Spontaneous Interventions – Venice Architecture Biennale 2012
Dérive app has been selected for ‘Spontaneous Interventions’ at the U.S. Pavilion for the 13th International Architecture Exhibition – la Biennale di Venezia.
Spontaneous Interventions: Design Actions for the Common Good
U.S. Pavilion at the 13th International Architecture Exhibition – la Biennale di Venezia Announces Exhibition Direction, Designers, and Participants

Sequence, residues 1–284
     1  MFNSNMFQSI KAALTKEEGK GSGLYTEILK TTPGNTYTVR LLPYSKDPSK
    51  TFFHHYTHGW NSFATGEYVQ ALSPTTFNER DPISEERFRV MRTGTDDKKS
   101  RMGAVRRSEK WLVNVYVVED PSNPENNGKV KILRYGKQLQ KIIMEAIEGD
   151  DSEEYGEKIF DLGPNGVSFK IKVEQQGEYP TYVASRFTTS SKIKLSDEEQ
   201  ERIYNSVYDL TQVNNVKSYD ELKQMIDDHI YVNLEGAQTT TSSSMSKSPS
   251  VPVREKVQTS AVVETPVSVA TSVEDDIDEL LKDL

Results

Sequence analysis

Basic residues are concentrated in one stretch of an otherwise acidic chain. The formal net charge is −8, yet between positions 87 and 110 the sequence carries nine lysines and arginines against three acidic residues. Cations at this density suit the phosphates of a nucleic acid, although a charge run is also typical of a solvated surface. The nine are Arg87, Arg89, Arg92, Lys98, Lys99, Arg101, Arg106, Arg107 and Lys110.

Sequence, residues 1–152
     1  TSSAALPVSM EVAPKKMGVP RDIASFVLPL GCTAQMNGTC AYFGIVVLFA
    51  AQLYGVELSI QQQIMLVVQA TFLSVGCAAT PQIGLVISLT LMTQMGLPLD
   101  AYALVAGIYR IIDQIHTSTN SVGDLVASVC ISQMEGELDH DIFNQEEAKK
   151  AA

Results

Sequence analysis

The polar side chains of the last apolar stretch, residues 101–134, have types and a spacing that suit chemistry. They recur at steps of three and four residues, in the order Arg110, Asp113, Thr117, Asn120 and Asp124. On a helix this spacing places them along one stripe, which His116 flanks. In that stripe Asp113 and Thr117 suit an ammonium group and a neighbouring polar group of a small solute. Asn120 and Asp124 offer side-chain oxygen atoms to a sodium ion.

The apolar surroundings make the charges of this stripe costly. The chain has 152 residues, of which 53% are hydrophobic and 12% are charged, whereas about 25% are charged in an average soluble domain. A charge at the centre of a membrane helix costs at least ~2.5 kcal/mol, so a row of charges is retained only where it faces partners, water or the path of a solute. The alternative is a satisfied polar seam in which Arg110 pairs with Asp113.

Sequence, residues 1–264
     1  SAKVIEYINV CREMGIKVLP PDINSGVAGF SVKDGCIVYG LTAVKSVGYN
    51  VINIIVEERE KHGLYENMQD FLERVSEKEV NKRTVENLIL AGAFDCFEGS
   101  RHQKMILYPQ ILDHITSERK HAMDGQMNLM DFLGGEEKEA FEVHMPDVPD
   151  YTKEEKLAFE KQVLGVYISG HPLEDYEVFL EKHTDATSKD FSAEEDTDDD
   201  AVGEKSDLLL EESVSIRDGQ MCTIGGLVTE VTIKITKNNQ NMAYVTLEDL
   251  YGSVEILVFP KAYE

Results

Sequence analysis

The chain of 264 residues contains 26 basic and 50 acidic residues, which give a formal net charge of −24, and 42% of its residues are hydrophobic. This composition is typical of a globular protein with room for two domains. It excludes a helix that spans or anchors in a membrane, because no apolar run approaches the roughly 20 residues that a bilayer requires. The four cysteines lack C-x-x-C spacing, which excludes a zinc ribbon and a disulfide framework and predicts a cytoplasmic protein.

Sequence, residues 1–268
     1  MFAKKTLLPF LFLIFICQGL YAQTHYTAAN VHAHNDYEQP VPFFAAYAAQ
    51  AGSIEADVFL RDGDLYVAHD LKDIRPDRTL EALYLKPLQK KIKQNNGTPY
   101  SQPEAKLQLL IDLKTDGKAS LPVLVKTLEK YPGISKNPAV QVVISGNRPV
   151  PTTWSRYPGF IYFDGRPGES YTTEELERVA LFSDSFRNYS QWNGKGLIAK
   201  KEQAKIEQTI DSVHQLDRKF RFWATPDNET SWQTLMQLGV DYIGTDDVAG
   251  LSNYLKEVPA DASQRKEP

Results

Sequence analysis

(New York, NY – June 2012) — The U.S. Pavilion at the 13th International Architecture Exhibition – la Biennale di Venezia, organized by the Institute for Urban Design on behalf of the U.S. Department of State’s Bureau of Educational and Cultural Affairs, will be devoted to the theme Spontaneous Interventions: Design Actions for the Common Good. The exhibit features 124 urban interventions initiated by architects, designers, planners, artists, and everyday citizens that bring positive change to their neighborhoods and cities. The selection was narrowed down after a search process that included an open call for projects realized in U.S. cities in recent years, which yielded over 450 submissions. Spontaneous Interventions captures one of the most compelling contemporary urban trends, wherein individuals are taking it upon themselves to create projects that expand the amenities, comfort, functionality, inclusiveness, safety, and sustainability of cities. From parklets to community farms, guerrilla bike lanes to urban repair squads, outdoor living rooms to pop-up markets, sharing networks, and temporary architecture, Spontaneous Interventions highlights viable citizen-led alternatives to traditional top-down urban revitalization tactics. Together, these projects offer an opportunity to examine the history of the American city, painting a critical and dynamic portrait of its most pressing issues today and a vision of its future. At heart, Spontaneous Interventions is a reflection of country’s complex attitudes towards civic participation, social justice, and the built environment. Spontaneous Interventions resonates on many levels with the overall theme of the Biennale, conceived by director David Chipperfield, Common Ground. The projects featured in Spontaneous Interventions are characterized by their interest in collaboration, in serving the collective needs of a community, and in improving the literal common ground— public space. The exhibition examines how urban actions that originated as radical ideas have moved ever closer to the center, evolving from subversive tactic to increasingly accepted urban strategy.